Football for the community

No games mean no money. That’s the stark reality for football right now. Amid the arguments about if and how the 2019/20 seasons should be brought to a close, clubs are left scrabbling for whatever funds they can find to keep going. In South London, Tooting & Mitcham United of the Isthmian League South Central division are just one of many clubs resorting to crowdfunding to try to cover some of their costs.

home fans
Beer and football for home fans at Imperial Fields.

The Terrors, a proud club with a long history, are far from alone in facing the threat of collapse. But, like any club that boasts a football pathway from 5-year-olds to the first team, the potential loss to the local community would be huge. Earlier this season, Groundhoppers contributor Michael Grimes went to Imperial Fields to get an insight into what a non-league team means to its community as Tooting & Mitcham took on Poole Town in the FA Cup.

For club Chair Caroline McRoyall, one of the keys is offering more than just a game on a Saturday afternoon. She’s proud of the way Tooting & Mitcham encompasses a broader sporting – and non-sporting – community.

Caroline McRoyall, chair of Tooting & Mitcham Utd FC.

“The good thing about this club is there is so much that goes on around the football,” McRoyall said. “We’ve got the two 3G pitches here as well as the grass pitch, we’ve got the gym, the soft play, the function room.

“I think people don’t actually realise how much does go on. It’s not just football, it’s boxing, the gym, lacrosse. And a lot of community activities, like young disabled people coming down and doing landscaping on site.”


On the field, McRoyall is keen to see an ever-stronger connection between the club’s flourishing junior ranks and the first team.

“As a club we are preparing our structure so we can promote and develop our own players all the way through,” she added. “We have a youth section that goes all the way from our ‘little kickers’, 5-10-year-olds who just play for fun. Then there are leagues for u11 to u16. There’s an academy programme for 16-18-year-olds, then the u23 team, then the first team.”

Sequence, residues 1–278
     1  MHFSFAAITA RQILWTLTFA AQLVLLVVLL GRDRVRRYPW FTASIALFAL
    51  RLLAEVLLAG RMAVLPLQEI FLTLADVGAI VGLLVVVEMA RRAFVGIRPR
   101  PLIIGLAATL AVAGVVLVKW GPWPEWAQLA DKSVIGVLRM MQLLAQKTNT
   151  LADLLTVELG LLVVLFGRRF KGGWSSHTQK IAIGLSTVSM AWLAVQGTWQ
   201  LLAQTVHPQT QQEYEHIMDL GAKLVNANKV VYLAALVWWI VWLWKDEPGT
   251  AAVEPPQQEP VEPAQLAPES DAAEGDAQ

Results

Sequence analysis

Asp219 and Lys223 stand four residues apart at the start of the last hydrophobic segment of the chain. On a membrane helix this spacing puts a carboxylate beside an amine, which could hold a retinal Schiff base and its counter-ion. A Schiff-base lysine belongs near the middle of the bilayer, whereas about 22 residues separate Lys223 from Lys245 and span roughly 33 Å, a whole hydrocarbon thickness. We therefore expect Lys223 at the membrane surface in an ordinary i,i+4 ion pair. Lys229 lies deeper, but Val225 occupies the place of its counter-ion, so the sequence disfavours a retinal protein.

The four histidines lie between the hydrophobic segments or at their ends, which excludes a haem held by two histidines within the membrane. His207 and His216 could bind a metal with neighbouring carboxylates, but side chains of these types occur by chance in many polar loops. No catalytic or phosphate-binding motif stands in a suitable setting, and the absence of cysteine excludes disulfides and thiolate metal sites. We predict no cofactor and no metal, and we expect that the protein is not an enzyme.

Although new to her role at the club, the Terrors have always been on McRoyall’s radar. From growing up in Mitcham, just around the corner from the old Sandy Lane ground, to working for many years with previous chairman Steve Adkins, she’s always had a connection with the club.

Pre-match formalities as Tooting & Mitcham (black and white) prepare to face Poole Town in the FA Cup.

That community theme also inspires the club’s social media officer, Stephen Reynolds. Despite a busy role trying to spread the word about the team and attract much-needed sponsorship, he dismisses the suggestion that he works for a club that is part of his family’s history.

“I don’t work here, I’m a supporter,” he insisted. “I’ve been coming since 1973. I used to go with my grandfather, who watched them since the 1930s, ever since the club existed.”

Life began with the merger of Tooting FC and Mitcham Wanderers in 1932, and for much of that time the local press has been a reliable partner in keeping the club in touch with the broader community. In the internet era, though, all that has changed. The sheer volume of available football – from saturation coverage of the pro game to the lockdown opiate of a live stream from the Belarusian championship – makes it harder to get the club’s voice heard. At the same time, though, the explosion of social media, blogs and other communication channels, a kind of hi-tech update of the old fanzine culture, but now with a potentially global reach, offers new opportunities – and that’s what Reynolds is trying to tap into.